Instagram Power Tips for Music Retailers

At The 2018 NAMM Show, the Idea Center hosted Jenn Herman, leading Instagram blogger and author of “Instagram for Business for Dummies.” During her session, Herman shared expert tips on how to make Instagram work for your business.

Create a business profile on Instagram.
A business profile is key to your success, according to Herman, and there’s no downside to upgrading to a business profile. To do so, you’ll first need a Facebook business page, as Facebook links the two accounts. Once you have a Facebook business page, upgrade to a business profile on Instagram.

Here’s what you get:

• Contact button(s). You get the option for Call, Email and Directions buttons. If you’re a local business, you’ll want to have Directions enabled so people know how to get to your location. The Email button lets someone send you an email with one click. Set up the Call button! You can close sales immediately because you will have direct connection with potential buyers once you answer your phone.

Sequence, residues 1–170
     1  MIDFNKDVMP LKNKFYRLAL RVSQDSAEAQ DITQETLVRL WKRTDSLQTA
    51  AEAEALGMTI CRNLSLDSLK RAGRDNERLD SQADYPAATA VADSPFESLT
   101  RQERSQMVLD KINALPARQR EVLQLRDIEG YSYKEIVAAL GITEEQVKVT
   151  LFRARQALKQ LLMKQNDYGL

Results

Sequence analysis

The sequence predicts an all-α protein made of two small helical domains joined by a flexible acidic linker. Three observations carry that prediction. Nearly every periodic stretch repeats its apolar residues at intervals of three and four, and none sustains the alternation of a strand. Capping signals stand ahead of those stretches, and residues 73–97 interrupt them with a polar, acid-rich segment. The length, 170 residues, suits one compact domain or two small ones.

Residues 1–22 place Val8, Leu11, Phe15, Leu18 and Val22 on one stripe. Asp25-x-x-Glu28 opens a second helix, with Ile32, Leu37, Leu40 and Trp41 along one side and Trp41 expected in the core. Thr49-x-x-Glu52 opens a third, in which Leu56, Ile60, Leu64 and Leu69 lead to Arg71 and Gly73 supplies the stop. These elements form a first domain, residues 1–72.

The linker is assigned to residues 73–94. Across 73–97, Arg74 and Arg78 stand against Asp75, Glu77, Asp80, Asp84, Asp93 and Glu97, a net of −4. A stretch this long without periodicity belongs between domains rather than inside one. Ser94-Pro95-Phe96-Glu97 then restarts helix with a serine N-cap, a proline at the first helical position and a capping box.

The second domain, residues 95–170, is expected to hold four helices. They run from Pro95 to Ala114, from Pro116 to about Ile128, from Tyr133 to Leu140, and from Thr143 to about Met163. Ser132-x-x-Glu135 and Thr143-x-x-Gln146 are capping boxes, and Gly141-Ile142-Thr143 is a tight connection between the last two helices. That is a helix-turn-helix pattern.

• Industry listing. The same listing on your Facebook page will automatically appear on your Instagram business profile (e.g., music business or music store).

• In-app analytics. These analytics tell you what’s working and what’s not, where your audience is located, what time your audience is active and other valuable information to help you market your business.

• Boost posts. If you have a post that’s doing well on your Instagram, you can click “promote” on your business page, and Instagram creates an ad for you. You choose how much you want to spend.

• No negative impact on the algorithm. Upgrading to a business profile currently has no negative impact on Instagram’s algorithmic feed.

Include 5 key factors in your Instagram business profile.
Your business profile is your first-impression selling point and should include these five elements, according to Herman:

1. Name and Username. The only searchable criteria on Instagram are your Name and Username. If someone’s looking for a specific keyword, include it in your Name and Username, such as “trombones in Anaheim.” Think strategically about what you want your Name and Username to be. Your Username is how you’re known on Instagram when you post a photo, like a photo or engage with anybody. Your Name can be anything you want.

2. Profile photo. Put a person in it or use a group photo. People are more likely to connect with a person than a logo.